By Laura Rives — Jun 23, 2022 11:00 AM
Most higher education organizations use Requests for Proposals (RFPs) to evaluate providers and procure products and services to help meet business objectives. And it can be a momentous occasion. In the case of RFPs for web content management systems or web projects like a redesign, an RFP means you’re getting closer to the reality of a new CMS or a better-functioning website.
Authoring an RFP is a serious undertaking, but it doesn't have to be a source of dread for Web and Marketing Teams. While it might be unrealistic to expect an organization to be excited to coordinate wish lists and write an RFP, there are ways to make the process smoother and increase the likelihood of high-quality responses from the best providers.
At Hannon Hill, we’ve reviewed and responded to hundreds of RFPs over our 21-year history. And they are not all created equal. The best RFPs are ones in which we understand why the organization is interested in replatorming, what they hope to do differently, how much they are willing to invest in the project, and when we feel confident we’ve deciphered formatting and submission instructions.
Here’s a list of tips we have for higher education institutions embarking on the RFP process for a new CMS or web project.
Limit Copy / Pasting From Previously-Authored Materials
We understand that authoring an RFP can be a laborious process - and one that's outside a committee’s traditional day jobs. To save time, teams will sometimes reuse large segments of content from old proposals or templates found online. While it’s certainly acceptable to reuse relevant questions, large-scale copy pasting leads to disorganization, redundancy, and contradictions.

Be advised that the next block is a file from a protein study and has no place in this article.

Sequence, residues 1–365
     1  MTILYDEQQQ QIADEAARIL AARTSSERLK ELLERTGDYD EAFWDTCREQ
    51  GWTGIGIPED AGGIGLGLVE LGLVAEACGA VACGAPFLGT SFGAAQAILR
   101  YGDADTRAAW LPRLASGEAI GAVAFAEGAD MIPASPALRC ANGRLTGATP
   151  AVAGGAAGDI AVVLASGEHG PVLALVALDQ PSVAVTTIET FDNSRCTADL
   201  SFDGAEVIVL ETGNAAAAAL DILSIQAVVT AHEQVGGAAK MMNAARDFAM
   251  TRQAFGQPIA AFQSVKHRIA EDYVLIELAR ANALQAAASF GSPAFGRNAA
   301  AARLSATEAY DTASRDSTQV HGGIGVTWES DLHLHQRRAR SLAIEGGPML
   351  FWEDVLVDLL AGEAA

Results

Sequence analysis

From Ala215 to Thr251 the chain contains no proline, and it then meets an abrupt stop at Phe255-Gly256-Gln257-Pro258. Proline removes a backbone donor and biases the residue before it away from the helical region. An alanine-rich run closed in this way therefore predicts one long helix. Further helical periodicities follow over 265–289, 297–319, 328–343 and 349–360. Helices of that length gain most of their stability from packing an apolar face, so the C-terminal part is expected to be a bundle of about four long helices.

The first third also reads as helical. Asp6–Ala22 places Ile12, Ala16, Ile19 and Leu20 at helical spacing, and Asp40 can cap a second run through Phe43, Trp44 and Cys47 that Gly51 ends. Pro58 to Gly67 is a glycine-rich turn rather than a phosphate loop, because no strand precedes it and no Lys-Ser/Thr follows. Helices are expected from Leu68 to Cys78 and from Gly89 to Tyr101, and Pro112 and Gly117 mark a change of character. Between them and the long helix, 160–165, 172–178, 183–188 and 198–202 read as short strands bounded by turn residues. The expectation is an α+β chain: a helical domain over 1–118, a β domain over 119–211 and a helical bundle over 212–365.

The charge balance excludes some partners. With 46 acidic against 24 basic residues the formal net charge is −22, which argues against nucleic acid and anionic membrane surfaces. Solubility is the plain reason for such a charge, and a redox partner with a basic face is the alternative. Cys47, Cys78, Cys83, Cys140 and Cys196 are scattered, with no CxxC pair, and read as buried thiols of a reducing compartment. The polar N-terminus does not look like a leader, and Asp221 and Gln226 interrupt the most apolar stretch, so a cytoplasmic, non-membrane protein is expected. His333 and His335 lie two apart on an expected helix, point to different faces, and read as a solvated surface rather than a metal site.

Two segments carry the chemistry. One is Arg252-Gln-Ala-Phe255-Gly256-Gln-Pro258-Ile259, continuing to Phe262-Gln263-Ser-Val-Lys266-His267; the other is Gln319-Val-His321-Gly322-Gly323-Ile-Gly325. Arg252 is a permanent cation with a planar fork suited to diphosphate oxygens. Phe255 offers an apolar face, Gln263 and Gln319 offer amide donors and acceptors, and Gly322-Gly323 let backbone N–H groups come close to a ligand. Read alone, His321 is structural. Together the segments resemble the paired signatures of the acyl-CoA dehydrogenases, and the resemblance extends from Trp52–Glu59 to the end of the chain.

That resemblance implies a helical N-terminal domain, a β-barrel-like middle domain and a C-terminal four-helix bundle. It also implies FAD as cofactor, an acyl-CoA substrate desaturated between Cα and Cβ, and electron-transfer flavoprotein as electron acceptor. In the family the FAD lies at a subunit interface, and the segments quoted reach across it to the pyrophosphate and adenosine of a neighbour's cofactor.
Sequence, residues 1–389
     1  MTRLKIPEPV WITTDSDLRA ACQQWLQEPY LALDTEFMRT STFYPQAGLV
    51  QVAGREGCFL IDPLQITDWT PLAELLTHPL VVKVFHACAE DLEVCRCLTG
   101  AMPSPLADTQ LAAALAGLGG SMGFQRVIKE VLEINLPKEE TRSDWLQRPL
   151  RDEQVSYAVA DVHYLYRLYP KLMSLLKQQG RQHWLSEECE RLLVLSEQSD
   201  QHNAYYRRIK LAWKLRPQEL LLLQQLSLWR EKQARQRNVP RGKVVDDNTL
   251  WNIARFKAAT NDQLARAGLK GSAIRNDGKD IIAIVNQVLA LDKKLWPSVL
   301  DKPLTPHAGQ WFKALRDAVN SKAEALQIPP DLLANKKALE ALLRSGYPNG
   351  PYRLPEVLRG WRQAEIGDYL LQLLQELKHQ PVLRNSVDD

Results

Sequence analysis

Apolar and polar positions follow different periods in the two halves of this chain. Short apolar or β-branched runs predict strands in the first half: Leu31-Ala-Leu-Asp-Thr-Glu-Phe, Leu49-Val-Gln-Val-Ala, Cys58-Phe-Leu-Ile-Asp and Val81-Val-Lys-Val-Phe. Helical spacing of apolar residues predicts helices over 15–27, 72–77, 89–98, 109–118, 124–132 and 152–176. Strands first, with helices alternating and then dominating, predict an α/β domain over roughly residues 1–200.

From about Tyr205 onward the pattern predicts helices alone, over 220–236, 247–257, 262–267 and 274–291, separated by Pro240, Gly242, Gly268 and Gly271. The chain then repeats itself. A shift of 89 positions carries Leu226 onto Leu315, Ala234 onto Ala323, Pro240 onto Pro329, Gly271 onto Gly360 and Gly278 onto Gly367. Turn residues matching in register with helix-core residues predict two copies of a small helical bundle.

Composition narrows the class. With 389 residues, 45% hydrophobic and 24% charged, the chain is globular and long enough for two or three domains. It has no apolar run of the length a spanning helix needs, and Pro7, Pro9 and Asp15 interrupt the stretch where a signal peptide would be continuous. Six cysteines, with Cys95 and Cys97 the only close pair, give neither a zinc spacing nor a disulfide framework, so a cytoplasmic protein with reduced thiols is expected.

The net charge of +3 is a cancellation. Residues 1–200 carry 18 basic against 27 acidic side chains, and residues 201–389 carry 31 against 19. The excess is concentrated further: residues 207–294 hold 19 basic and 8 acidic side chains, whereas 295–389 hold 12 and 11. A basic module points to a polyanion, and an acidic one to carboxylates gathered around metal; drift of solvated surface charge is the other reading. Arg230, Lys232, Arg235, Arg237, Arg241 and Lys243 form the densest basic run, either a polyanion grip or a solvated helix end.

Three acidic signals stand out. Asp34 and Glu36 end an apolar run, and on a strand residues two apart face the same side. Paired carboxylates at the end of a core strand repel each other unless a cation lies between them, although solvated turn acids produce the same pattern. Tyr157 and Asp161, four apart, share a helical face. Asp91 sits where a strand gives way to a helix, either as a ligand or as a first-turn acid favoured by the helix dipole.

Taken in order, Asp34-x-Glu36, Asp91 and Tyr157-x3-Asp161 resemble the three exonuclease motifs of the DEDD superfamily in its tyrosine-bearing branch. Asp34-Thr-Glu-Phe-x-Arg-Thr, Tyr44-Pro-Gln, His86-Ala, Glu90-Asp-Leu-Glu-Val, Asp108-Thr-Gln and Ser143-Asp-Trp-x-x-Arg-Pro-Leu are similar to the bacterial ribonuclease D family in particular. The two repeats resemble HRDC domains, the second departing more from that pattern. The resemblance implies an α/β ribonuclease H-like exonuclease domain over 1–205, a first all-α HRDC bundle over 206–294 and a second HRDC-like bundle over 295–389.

Similarly, we recommend designating an RFP owner / editor to do a final proofread.
Attention to detail and thoughtful question-asking will help bidders be clear on your goals and feel confident that they are a good partner for the project.
Differentiate Must-Haves Versus Nice-to-Haves
Sometimes higher education organizations write RFPs that explain a perfect-fit product or service, knowing they might have to ultimately compromise in certain areas. When vendors understand which requirements are mandatory and which are nice-to-have, you’ll receive responses from providers who are better suited for the project.
Include Timeframe and Budget - Even if it’s a Ballpark
We understand that timelines and budgets are sensitive topics and sometimes held tightly to the chest. And it’s perfectly understandable. If I announce my budget in an RFP, all bidders are going to bid up to that max number, right?
For us and our partner network, that is not standard practice.
Our preference is to learn about budget and launch timeframe to structure our response in a way that satisfies as many requirements as possible, even if it means coming up with creative solutions. It also signals that financial conversations have been had, and that the organization is serious about the project.
If you don’t have a budget or timeline, consider releasing a simpler Request for Information (RFI) versus RFP.
And finally, it’s best to know as soon as possible if a provider’s products and services are cost prohibitive. There’s no sense in getting excited over a proposal only to review the financial proposal and learn that it’s outside of the institution’s budget.
Give Bidders Adequate Time to Submit Proposals
Similar to publishing project dates and milestones, be transparent about timelines for the RFP itself. Include all key dates, including when Q&A ends, when proposals are due (and how!), when they will be evaluated, and when respondents will be notified of a decision.
Leave adequate time between a Q&A addendum and due date, especially if multiple copies are due by mail.
The purpose of this blog post is not to publish our wish list for how we’d like to see RFPs written. The purpose is to help higher education organizations get high-quality responses from vendors who can complete a project to specs.
Writing an RFP is an investment, and a big step towards a better future state. A little extra effort will go a long way towards soliciting strong responses and feeling confident that you’re choosing the right vendor.
If your organization has an RFP on the horizon, we are more than happy to share our knowledge in any way we can. Feel free to drop us a line at firstname.lastname@example.org.